PayPal’s plan to morph itself into a “super app” has been given a go for launch. According to PayPal CEO Dan Schulman, speaking to investors during this week’s second-quarter earnings call, the initial version of PayPal’s new consumer digital wallet app is now “code complete,” and the company is preparing to ramp up slowly. Over the next several months, PayPal expects to be fully ramped up in the U.S., with new payment services, financial services, commerce, and shopping tools arriving every quarter.
The company has spoken for some time about its “super app” ambitions — a shift in product direction that would make PayPal a U.S.-based version of something like China’s WeChat or Alipay or India’s Paytm. Like those apps, PayPal aims to offer a host of consumer services under one roof, beyond just mobile payments.
In previous quarters, PayPal said these new features may include enhanced direct deposit, check cashing, budgeting tools, bill pay, crypto support, subscription management, and buy now, pay later functionality. It also said it would integrate commerce, thanks to the mobile shopping tools acquired through its $4 billion Honey acquisition in 2019.
So far, PayPal has continued to run Honey as a standalone application, website, and browser extension. Still, the super app could incorporate more of its deal-finding functions, price-tracking features, and other benefits.
On Wednesday’s earnings call, Schulman revealed the super app would have a few other features as well, including high-yield savings, early access to direct deposit funds, and messaging functionality outside of peer-to-peer payments — meaning you could chat with family and friends directly through the app’s user interface.
PayPal hadn’t announced its plans to include a messaging component until now, but the feature makes sense in how people often combine chat and peer-to-peer payments today. For example, someone may want to make a personal request for the funds instead of sending an automated request through an app. Or, after receiving payment, a user may wish to respond with a “thank you” or other acknowledgment. Currently, these conversations take place outside of the payment app itself on platforms like iMessage. Now, that could change.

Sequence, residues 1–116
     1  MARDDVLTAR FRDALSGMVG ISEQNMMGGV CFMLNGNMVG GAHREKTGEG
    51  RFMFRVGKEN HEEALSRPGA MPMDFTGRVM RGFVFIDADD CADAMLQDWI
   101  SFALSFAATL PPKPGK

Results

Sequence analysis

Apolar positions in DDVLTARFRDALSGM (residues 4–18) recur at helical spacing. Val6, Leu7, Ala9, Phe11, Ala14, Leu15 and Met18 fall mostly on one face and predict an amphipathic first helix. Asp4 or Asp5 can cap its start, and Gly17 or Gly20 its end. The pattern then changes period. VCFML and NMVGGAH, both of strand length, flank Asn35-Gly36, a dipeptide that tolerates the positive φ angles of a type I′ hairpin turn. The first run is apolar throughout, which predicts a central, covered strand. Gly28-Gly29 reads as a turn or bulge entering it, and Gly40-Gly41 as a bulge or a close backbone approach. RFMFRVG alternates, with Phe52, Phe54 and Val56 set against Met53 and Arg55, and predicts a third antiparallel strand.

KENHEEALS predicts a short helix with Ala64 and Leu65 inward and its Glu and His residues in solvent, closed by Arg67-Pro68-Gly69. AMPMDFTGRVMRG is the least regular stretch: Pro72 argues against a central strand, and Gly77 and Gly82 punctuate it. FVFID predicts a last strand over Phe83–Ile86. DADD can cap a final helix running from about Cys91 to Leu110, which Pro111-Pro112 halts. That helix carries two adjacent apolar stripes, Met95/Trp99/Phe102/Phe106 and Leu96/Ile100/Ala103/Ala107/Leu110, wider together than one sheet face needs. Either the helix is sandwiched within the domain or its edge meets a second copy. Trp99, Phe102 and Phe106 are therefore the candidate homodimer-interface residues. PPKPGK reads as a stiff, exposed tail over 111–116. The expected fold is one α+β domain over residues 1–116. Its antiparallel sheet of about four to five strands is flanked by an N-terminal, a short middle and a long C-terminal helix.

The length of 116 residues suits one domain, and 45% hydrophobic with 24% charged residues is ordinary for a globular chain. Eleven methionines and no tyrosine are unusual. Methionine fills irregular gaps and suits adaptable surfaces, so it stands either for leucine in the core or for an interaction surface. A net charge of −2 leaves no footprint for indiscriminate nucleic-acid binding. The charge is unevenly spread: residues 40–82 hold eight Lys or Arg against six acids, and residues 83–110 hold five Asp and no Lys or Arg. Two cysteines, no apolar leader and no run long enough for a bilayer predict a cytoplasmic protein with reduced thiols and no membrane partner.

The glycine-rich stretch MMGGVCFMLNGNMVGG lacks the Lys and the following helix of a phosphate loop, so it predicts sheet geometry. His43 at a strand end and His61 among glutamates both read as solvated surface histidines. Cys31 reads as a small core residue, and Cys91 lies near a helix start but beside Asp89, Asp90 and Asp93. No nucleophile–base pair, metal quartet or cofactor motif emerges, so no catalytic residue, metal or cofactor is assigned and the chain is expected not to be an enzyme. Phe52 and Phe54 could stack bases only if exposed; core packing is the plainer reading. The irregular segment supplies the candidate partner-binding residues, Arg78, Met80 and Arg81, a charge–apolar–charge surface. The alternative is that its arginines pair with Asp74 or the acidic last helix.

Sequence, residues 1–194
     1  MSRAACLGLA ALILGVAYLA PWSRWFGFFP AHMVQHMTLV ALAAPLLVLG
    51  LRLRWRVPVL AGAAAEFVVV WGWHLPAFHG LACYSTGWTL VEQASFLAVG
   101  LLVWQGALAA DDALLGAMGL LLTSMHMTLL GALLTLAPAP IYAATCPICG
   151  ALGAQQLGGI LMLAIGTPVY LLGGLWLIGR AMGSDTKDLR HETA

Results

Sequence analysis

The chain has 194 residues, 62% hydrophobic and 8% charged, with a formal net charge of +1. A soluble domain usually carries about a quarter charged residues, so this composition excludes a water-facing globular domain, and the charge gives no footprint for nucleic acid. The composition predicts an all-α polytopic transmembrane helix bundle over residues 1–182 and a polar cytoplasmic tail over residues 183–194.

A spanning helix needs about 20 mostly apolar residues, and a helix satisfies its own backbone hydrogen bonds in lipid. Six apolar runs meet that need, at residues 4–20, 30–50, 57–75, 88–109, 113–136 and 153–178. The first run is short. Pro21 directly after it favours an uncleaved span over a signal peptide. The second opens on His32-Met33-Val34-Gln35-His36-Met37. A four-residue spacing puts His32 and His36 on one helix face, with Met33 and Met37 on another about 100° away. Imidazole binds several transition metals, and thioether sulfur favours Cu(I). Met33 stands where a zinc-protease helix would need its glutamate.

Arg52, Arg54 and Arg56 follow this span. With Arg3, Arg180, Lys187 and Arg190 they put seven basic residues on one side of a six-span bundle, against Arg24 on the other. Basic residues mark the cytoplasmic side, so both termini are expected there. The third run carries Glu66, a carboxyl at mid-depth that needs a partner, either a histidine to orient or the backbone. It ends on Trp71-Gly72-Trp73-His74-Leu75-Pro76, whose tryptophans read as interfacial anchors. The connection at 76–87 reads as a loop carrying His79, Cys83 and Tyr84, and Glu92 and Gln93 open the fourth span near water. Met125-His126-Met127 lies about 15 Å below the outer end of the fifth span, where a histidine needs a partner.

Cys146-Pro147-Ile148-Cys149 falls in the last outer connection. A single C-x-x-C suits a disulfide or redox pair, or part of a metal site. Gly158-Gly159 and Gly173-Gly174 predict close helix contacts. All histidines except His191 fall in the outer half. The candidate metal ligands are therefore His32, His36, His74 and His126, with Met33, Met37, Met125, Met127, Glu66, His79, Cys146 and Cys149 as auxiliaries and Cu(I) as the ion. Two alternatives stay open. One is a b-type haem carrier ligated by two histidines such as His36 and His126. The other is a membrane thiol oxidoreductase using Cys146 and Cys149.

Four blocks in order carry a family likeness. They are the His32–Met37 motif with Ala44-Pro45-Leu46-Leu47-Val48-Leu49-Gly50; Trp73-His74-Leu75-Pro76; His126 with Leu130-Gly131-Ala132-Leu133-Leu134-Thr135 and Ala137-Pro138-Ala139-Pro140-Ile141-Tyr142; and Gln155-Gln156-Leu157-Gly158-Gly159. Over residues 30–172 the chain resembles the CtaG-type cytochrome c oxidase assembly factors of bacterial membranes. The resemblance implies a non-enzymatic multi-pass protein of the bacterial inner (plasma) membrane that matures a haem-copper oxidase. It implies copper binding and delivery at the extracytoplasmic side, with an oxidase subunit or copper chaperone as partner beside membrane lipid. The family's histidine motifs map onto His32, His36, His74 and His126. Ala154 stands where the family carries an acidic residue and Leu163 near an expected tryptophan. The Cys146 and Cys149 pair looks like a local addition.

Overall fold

“We think that’s going to drive a lot of engagement on the platform,” said Schulman. “You don’t have to leave the platform to message back and forth.” With the increased user engagement, the company expects to see a bump in average revenue per active account.
Schulman also hinted at “additional crypto capabilities,” which were not detailed. However, PayPal earlier this month increased the crypto purchase limit from $20,000 to $100,000 for eligible PayPal customers in the U.S., with no annual purchase limit. This year, the company made it possible for consumers to check out millions of online businesses using their cryptocurrencies by first converting the crypto to cash then settling with the merchant in U.S. dollars.
Though the app’s code is now complete, Schulman said the plan is to continue to iterate on the product experience, noting that the initial version will not be “the be-all and end-all.” Instead, the app will see steady releases and new functionality quarterly.
However, he did say that early on, the new features would include the high-yield savings, improved bill pay with a better user experience, and more billers and aggregators, as well as early access to direct deposit, budgeting tools, and the new two-way messaging feature.